Isolation and analysis of a corprinus cinereus DNA fragment showing homology to a fimbrial cDNA from ustilago violacea
McKay, Bruce C.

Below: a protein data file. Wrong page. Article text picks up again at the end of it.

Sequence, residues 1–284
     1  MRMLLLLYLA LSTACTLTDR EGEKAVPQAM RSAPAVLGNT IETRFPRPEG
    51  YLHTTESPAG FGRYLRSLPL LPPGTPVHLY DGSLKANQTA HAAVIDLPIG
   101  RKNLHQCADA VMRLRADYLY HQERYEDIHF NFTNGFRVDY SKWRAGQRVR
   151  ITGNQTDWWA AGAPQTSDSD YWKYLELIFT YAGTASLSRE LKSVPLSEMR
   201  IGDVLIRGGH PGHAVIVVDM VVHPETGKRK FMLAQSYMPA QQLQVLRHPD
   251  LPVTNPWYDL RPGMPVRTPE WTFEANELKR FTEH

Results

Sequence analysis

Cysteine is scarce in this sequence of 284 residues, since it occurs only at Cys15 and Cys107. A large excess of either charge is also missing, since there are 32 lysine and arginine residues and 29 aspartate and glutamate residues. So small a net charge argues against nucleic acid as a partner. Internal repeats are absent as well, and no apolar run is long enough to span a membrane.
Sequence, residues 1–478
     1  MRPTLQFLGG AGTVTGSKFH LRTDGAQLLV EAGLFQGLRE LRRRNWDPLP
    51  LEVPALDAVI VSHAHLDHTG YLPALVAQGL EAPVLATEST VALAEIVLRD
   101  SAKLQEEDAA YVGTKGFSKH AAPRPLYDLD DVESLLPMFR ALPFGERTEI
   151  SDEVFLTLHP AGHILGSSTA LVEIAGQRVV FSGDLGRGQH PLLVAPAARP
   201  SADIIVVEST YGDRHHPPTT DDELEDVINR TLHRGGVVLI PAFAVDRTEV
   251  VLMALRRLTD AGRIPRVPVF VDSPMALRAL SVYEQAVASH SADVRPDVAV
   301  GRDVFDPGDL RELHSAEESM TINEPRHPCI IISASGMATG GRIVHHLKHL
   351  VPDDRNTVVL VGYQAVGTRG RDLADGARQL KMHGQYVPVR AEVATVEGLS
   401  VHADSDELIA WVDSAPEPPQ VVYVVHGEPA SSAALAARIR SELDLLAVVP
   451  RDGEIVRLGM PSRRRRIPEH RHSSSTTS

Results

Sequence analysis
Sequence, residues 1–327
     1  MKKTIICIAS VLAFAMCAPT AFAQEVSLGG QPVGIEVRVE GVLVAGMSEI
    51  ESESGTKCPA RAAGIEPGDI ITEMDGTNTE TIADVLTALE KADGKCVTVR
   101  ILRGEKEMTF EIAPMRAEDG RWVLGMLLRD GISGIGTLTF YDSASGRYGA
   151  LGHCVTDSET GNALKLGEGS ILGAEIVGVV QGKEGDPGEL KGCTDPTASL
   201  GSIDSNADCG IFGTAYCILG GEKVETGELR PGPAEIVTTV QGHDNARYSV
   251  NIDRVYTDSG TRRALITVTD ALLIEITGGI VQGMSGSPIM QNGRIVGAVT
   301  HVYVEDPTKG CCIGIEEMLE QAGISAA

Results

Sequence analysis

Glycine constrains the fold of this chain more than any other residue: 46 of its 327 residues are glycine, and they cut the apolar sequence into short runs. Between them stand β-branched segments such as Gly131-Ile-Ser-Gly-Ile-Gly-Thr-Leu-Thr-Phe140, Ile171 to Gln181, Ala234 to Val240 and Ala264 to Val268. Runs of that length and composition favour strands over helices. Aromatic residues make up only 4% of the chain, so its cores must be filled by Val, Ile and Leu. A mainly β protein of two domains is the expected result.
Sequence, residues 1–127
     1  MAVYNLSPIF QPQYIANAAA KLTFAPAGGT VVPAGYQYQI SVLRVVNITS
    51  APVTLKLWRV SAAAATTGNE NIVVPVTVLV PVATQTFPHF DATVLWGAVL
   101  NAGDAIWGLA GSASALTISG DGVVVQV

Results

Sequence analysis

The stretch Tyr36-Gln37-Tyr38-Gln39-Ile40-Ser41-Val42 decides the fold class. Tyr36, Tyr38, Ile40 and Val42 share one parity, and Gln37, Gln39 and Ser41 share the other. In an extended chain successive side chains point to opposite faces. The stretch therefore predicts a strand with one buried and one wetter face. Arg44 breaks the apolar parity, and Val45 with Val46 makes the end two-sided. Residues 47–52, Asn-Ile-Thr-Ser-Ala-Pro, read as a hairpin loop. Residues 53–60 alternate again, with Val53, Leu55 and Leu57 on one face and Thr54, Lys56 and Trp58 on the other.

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Surface proteinaceous fibrils, termed fimbriae, were first identified on gram negative bacteria in the 1940s. Fungal fimbriae, discovered some 25 years later, are found on members of all fungal classes. In the present study, polyclonal antiserum raised against the fimbrial proteins of U. vio/acea were used in order to identify antigenically related proteins from Coprinus cinereus and Schizophy//um commune. Two polypeptides with molecular masses of 37 and 39 kDa from C. cinereus were observed and confirm earlier results. A single previously unidentified 50 kDa polypeptide in S. commune crossreacted with the antiserum. The 50 kDa protein was found to consist of 3 isoforms with isoelectric points ranging from 5.6 to 5.8. A fimbrial cDNA derived from U. vio/acea was used to identify DNA restriction fragments from C. cinereus and S. commune showing homology to the fimbrial transcript of U. vio/acea. Heterologous hybridization with this cDNA was used in order to screen a C. cinereus genomic DNA library. A single clone, A2-3A, with a 14 kbp insert showed strong homology to the pfim3-1 cDNA. The region of homology, a 700 bp Xba I fragment, was subcloned into pUG19. This plasmid was refered to as pXX8. DNA sequence determinations of pXX8 and adjacent fragments from A2-3A suggested that the cloned DNA was a portion of the rONA repeat encoding the small subunit rRNA. DNA sequence analysis of pfim3-1 yielded an incomplete open reading frame. The predicted amino acid sequence codes for a 206 amino acid, 22 kDa polypeptide which contains a domain similar to a transmembrane domain from rat leukocyte antigen, GDS3. As well, an untranslated 576 nucleotide domain showed 81 % homology to pXX8 and 830/0 homology to the 188 rRNA sequence of Ustilago maydis. This sequence was found adjacent to a region of adenine-thymine base pairs presumed to represent the polyadenylation sequence of the fimbrial transcript. The size and extent of homology is sufficient to account for the hybridization of pfim3-1 to rDNA. It is suggested that this domain represents a completely novel regulatory domain within eukaryotes that may enable the observed rapid regeneration of fimbriae in U. violacea.